What a difference four years — and a California billionaire — can make.
The Nevada Legislature is considering a bill to ban hydraulic fracturing, or “fracking,” an essential technology for developing the vast majority of the nation’s oil and natural gas wells. Nevada isn’t a major oil and gas producer today, but the state’s geology holds some promise, and a handful of exploratory wells have been drilled. A fracking ban would end this energy exploration and the economic benefits it may bring.
The bill to ban oil and gas development, AB159, has already received a hearing in Carson City and generated significant media attention. The situation is dramatically different from four years ago, when state lawmakers wanted nothing to do with “keep it in the ground” environmental groups such as the Center for Biological Diversity.
In 2013, Democrats ran the Legislature, as they do now. But lawmakers flatly rejected calls to ban fracking. Instead, they overwhelmingly approved a bill that allowed the technique in Nevada under a new set of regulations. The pro-fracking bill cleared the Assembly in a 41-0 vote and passed the Senate 21-0 before it was signed into law by Gov. Brian Sandoval.
What has changed? The answer most likely involves Tom Steyer, a hedge-fund manager and billionaire environmentalist from San Francisco.
Nevada campaign finance records show Mr. Steyer and his wife, Kat Taylor, personally contributed $70,000 to five state legislative candidates in the 2016 election, all of them Democrats. The candidates were Assembly Speaker Jason Frierson, Assemblyman Justin Watkins, Assemblyman Chris Brooks, state Sen. Joyce Woodhouse and state Sen. Nicole Cannizzaro. Their victories helped Democrats win back control of the Legislature after two years of Republican rule. Two of Steyer’s candidates — Assemblymen Watkins and Brooks — are pushing the oil and gas ban. They are also pushing another energy bill, AB206, which would double the state’s renewable electricity mandate to 50 percent by 2030, with an even bigger goal of 80 percent by 2040. Assembly Speaker Frierson is also a primary sponsor of the bill to dramatically expand the state’s renewable energy mandate.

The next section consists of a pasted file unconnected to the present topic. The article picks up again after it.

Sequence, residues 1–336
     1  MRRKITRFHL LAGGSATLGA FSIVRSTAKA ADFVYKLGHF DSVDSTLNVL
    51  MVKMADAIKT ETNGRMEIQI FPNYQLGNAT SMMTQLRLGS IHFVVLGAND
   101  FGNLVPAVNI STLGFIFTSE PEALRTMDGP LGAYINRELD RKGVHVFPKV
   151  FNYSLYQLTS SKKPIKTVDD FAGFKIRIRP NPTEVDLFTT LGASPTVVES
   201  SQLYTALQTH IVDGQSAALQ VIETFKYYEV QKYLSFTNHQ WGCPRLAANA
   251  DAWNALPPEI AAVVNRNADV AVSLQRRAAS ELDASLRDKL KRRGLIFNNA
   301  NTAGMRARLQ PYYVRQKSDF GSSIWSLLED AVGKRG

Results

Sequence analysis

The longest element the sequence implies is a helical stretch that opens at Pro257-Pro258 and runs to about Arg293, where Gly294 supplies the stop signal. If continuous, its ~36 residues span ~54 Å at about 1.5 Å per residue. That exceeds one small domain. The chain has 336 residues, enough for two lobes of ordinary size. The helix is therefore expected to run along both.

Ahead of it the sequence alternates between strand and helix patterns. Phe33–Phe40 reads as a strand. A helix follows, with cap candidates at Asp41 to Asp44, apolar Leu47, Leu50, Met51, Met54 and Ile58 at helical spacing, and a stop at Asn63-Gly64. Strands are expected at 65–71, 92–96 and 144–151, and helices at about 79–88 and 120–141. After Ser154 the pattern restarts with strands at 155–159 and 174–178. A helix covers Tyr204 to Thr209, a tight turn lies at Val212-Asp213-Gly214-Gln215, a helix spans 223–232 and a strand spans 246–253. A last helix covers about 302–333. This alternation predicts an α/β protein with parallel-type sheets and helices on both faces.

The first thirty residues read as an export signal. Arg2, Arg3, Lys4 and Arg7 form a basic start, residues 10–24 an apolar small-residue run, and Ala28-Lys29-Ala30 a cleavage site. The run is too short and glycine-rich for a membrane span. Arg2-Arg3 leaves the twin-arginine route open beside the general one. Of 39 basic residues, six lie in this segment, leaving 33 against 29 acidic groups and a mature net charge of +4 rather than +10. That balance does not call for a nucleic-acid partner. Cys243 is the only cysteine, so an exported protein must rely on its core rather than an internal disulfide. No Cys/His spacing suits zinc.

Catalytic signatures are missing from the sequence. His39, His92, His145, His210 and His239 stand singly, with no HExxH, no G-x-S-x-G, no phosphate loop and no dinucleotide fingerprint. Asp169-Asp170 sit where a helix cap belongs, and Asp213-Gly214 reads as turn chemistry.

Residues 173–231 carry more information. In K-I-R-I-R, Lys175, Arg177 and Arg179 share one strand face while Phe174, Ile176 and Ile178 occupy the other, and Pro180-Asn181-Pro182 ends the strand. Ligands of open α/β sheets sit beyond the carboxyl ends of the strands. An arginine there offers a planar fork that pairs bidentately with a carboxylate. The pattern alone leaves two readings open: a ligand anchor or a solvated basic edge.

These measures line up perfectly with Mr. Steyer’s environmental agenda. He’s tried to ban fracking in his home state of California. He has very close financial and political ties to “keep it in the ground” groups such as 350.org and the Sierra Club, which actively oppose oil and gas development in Nevada. During last year’s election, Mr. Steyer’s political action committee — NextGen Climate — pushed candidates to support a 50 percent renewable mandate by 2030. According to The New York Times, supporting the mandate was a condition of the billionaire’s financial support.
In 2016, Mr. Steyer built an impressive field operation in Nevada, capable of helping candidates at the top of the ticket and down the ballot, as well. His political action committee had almost 50 campaign staff in Nevada during the 2016 election cycle, according to campaign finance disclosures with the Federal Election Commission.
Yet almost nobody noticed the California billionaire’s personal contributions in key state legislative contests and how his ground game would influence down-ballot races. Instead, the press focused on his spending in Nevada’s hotly contested U.S. Senate race. That was important, to be sure, but it was only part of the story.
Mr. Steyer is the largest single political donor of the past two election cycles, having spent at least $163 million trying to send more Democrats to Washington, D.C., who support his anti-fossil fuel agenda. But he’s also invested heavily in state legislative races across the West, including in Oregon, Washington and Colorado, as well as Nevada.
Mr. Steyer has a First Amendment right to support the candidates and causes of his choosing, of course. But the public also deserves to know why a California billionaire cares so much about who controls the Nevada Legislature.
Simon Lomax is the managing editor of Western Wire. A former wire-service and trade-press reporter, he now works in Denver as an adviser to pro-energy and free-market groups.